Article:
Fine wine grapes take time
By AgInnovation Ontario
By AgInnovation Ontario
December 14, 2017, Vineland, Ontario – When Dr. Helen K. Fisher retired as viticulture research scientist at Vineland Research and Innovation Centre, there were a few loose ends to tie up.
Namely, what to do with her research on advanced wine grape selections for cold climate wine growing regions.
“Breeding work for wine grapes is a very slow process,” says Fisher. “Not only are you trying to find a plant that fits a climate, but it also needs to fit into a wine profile wineries are looking for.”
Vines can take up to four years to become established in the soil and produce quality grapes. To determine if the fruit fits a desired wine profile, it must be processed into wine, and then assessed after aging for three or more years.
“We’re looking for good quality reds that are tough in terms of agronomic potential and can withstand cold winters and wet growing seasons, that aren’t susceptible to disease or weather,” says Fisher.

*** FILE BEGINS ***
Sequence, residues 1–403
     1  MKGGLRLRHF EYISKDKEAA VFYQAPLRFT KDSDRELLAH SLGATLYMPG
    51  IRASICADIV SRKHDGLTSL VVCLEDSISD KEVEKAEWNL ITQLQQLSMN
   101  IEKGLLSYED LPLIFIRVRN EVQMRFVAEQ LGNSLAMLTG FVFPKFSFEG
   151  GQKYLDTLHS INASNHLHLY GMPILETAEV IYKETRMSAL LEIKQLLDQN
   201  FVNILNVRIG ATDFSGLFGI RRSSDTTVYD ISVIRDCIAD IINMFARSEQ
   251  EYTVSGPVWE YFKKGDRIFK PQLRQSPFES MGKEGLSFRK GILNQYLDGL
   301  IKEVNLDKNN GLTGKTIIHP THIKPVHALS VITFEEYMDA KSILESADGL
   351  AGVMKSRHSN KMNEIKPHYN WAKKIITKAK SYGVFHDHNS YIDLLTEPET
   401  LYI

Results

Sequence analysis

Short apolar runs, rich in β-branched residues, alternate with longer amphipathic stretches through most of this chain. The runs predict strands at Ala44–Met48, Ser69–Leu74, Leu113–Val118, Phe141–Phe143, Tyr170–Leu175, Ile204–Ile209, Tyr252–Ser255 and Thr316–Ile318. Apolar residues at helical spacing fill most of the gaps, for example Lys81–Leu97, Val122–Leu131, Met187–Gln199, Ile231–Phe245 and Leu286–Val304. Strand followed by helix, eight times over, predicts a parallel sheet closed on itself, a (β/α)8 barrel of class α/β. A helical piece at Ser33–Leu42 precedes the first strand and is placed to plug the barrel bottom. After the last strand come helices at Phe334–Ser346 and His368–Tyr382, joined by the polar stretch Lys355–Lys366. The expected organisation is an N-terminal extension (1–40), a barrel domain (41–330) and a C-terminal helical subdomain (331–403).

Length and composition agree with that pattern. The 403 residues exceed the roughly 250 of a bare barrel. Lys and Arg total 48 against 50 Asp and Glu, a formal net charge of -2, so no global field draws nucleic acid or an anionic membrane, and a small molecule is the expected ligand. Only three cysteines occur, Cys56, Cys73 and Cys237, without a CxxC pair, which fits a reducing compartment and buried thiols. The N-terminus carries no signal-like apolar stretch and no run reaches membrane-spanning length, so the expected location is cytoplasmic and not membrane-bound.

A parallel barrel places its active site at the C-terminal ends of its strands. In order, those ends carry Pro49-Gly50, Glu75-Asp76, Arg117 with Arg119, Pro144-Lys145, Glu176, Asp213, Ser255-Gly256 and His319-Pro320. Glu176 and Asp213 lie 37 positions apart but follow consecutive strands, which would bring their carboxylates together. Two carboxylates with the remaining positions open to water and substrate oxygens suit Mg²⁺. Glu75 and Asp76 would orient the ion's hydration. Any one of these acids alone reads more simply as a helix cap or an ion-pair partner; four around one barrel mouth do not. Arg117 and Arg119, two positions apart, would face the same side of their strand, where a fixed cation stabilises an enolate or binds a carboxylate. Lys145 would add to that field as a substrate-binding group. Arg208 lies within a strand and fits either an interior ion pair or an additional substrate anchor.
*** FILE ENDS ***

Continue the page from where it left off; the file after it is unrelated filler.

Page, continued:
Fisher says her work holds potential for larger Canadian wineries that want a sturdy but neutral wine that can be used for blending with other grapes. But to get meaningful results, the hybrids need more time. After retiring and losing access to land and laboratories, Fisher found new ways to continue her research.
“I was left with the dilemma of what to do with the plant material when it was at a stage that wasn’t even close to being presented to the public,” Fisher says. “Fortunately, Wes Wiens of VineTech Canada, a local nursery, donated land so the research could continue. It was tough land on a cold site – perfect, for my purposes.”
Fisher worked with the VineTech team to repropagate 40 plant selections from the VRIC property, based on genealogy and a superficial look at the most recent crop. She applied for funding through the Gryphon’s LAAIR Program and hired a summer student to collect data from the field. She also enlisted nearby Niagara College to make wine with the harvested grapes.
“Baco has had a good run in Niagara, but this is a chance to develop a new hybrid that offers a good amount of disease resistance and cold tolerance, perhaps with less acidity,” says Fisher.
Next, Fisher says project partners will test the wine quality, which she hopes to bring to two large wineries, to attract further interest and a long-term home for the research.